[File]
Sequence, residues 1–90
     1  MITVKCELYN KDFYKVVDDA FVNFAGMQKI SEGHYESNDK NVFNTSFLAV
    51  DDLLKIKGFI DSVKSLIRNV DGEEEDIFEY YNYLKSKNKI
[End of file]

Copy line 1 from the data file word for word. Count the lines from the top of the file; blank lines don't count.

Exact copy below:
Sequence, residues 1–90